Signa, by Ouida

Chapter 8.

IF Pippa had not been quite dead that night when they had found her in the fields? If here had been any spark of life flickering in her that with warmth and care and a surgeon’s skill might have been fanned back again into a steady stream? It was not likely; but it was possible. And if it had been so, then what were he and Lippo?

The sickly thought of it came upon him many a time and made him shiver and turn cold. When he had left the woman lying in the field he had been quite sure that all life was gone out of her. But now he was not so sure. Cold and the fall might have made her senseless. Who could tell? — if they had done their duty by her — Pippa might have been living now.

It was not probable. He knew the touch of a dead thing, and she had felt to him dead as any slaughtered sheep could be. But sometimes, in the long lonely nights of autumn, when he sat watching his grapes, with the gun against his knee, lest thieves should strip the vines, Bruno would think of it, and say to himself —“If she were not really dead, what was I?”

He told all to the good priest in the little brown church beneath the vines on his hill; told it all under the seal of confession, and the priest absolved him by reason of his true penitence and anxious sorrow. But Bruno could not absolve himself.

He had left her there for the flood to take her; — and after all she might have been brought back to life, had he lifted her up on his shoulders and borne her down in to shelter and warmth, instead of deserting her there like a coward.

The water had done it; had washed her away out of sight and killed her if she were not already dead when it rose, and swept her out to the secrecy of the deep seas. But he told himself, at times, that it was he who was the murderer — not the water.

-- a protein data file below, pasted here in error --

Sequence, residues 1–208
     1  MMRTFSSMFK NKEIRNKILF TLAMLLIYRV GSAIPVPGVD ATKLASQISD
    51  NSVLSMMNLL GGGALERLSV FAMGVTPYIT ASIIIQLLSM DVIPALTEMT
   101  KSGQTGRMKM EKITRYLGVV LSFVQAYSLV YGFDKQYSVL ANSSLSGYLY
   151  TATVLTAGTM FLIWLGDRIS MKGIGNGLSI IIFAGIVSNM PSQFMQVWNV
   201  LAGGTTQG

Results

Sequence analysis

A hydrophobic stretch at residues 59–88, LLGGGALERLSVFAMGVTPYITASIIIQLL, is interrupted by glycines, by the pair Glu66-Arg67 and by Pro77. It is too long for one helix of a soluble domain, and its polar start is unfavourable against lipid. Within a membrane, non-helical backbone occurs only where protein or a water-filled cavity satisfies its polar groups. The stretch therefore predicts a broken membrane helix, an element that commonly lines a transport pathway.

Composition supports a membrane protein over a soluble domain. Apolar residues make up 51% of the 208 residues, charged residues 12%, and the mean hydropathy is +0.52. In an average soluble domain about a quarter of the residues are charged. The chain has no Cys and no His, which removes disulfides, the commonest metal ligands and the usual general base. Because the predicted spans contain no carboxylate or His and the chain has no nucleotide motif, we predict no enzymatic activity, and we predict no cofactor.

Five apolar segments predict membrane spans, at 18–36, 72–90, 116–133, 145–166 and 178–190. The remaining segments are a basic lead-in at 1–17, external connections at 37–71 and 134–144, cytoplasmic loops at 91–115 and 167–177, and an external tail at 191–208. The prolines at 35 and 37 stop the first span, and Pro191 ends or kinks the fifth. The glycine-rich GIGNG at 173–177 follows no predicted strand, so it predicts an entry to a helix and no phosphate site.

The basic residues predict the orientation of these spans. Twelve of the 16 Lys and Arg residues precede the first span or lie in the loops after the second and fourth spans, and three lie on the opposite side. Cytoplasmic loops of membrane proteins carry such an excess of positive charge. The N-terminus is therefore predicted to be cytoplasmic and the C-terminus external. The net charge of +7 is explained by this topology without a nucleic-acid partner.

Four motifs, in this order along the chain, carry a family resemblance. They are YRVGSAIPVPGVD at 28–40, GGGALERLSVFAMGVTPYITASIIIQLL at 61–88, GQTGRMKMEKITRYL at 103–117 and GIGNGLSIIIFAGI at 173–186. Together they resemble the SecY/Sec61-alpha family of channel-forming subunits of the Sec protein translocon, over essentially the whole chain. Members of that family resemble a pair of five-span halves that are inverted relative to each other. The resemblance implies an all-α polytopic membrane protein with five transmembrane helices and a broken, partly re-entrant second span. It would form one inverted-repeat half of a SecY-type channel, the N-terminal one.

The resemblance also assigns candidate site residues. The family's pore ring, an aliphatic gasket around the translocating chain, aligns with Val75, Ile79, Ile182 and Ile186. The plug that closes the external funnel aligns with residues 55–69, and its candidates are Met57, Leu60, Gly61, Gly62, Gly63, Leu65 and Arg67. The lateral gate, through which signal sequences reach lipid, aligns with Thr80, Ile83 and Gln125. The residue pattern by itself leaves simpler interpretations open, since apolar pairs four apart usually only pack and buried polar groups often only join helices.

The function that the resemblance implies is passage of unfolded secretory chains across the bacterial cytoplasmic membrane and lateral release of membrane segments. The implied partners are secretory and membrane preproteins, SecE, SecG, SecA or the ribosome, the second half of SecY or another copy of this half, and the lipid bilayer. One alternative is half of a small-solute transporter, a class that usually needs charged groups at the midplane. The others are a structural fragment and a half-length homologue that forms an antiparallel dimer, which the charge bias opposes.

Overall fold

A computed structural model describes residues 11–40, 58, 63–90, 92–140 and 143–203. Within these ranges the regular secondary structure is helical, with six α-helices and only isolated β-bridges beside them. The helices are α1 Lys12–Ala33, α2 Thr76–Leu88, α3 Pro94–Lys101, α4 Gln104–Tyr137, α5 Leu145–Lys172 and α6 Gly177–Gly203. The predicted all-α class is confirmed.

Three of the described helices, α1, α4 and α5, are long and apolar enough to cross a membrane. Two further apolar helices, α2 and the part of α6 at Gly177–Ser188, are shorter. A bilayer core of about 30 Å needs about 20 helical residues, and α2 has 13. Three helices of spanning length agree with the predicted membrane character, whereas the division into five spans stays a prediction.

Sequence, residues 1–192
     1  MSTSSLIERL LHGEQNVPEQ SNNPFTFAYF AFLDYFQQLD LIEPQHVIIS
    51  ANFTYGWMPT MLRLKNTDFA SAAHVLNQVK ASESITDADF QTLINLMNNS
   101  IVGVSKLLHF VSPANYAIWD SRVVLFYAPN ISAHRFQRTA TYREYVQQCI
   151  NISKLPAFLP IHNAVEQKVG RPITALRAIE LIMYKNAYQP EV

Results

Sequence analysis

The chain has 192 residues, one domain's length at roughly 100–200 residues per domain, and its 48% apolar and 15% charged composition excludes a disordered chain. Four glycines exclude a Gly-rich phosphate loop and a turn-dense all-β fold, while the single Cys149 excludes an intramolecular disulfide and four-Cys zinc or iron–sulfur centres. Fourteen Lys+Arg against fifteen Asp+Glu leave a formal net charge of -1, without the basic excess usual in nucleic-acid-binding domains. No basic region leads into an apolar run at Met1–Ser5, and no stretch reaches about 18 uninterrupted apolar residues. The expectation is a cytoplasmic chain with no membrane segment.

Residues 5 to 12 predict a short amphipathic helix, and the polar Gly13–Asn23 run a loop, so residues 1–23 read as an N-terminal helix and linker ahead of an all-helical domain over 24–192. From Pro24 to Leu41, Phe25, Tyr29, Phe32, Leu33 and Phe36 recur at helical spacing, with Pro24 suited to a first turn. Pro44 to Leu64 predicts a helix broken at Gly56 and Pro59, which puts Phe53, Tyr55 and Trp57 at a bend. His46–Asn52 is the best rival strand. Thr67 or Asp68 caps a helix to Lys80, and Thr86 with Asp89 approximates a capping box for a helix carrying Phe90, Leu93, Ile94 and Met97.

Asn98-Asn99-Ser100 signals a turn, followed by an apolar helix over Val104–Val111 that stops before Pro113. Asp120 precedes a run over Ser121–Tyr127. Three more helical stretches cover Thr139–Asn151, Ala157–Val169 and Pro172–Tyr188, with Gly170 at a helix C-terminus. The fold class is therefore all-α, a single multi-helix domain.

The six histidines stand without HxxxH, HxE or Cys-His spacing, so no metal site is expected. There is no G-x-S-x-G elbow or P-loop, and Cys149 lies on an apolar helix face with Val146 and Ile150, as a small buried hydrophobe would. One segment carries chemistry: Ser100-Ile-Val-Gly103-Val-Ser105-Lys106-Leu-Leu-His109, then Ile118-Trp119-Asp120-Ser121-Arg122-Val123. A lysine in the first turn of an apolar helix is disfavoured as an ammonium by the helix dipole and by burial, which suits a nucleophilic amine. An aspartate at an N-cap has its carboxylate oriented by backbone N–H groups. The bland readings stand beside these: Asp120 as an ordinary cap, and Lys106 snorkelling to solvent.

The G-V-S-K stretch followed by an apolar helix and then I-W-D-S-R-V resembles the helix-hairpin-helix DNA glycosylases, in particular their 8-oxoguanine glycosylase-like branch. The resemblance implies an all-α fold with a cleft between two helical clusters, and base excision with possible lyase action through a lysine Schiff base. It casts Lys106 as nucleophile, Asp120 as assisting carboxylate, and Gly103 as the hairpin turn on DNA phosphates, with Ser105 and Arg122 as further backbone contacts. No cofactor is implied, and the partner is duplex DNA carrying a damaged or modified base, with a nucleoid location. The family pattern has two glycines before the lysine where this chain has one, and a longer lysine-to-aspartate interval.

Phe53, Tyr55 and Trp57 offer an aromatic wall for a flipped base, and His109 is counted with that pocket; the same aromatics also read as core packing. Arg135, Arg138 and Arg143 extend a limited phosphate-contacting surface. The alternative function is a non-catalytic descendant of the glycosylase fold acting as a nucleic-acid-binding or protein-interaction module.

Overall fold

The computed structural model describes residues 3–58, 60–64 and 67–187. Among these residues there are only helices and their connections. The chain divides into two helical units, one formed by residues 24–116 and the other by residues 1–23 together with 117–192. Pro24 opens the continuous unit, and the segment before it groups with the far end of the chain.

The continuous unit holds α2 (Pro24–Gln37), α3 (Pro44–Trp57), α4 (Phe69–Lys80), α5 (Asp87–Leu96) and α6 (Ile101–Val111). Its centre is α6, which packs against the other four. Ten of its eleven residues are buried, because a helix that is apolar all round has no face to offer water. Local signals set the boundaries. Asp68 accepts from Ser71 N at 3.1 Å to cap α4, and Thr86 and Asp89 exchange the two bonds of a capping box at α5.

When he looked at the river shining away between the green hills and the grey olives, he felt as if it knew his guilt, as if it were a fellow sinner with him, only the more innocent of the two. Of course the pain and the remorse of it were not always on him. He led an active life; he was always working at something or another, from daybreak till night; the free fresh air blew always about him, and blew morbid fancies from his brain. But at times, when all was quiet, in the hush of midnight, or when he rested from his labours at sunset, and all the world was gold and rose, then he thought of Pippa; then he felt the cold, pulseless breast underneath his hand; then he said to himself —“If she were not quite dead?” The torment of the thought worked in him and weighed on him, and made his heart yearn to the little lad, who, but for his cowardice, might not now have been motherless and alone.

Bruno sat on at his house door that night, watching the little lad run along the hill. He could see all the way down the slope, and though the trees and the vines at times hid Signa from sight, and at times he was lost in the wheat, which was taller than he, yet at intervals, the small flying figure with the sunset about its hair, could be seen going down, down, down along the great slope, and Bruno watched it with a troubled fondness in his eyes.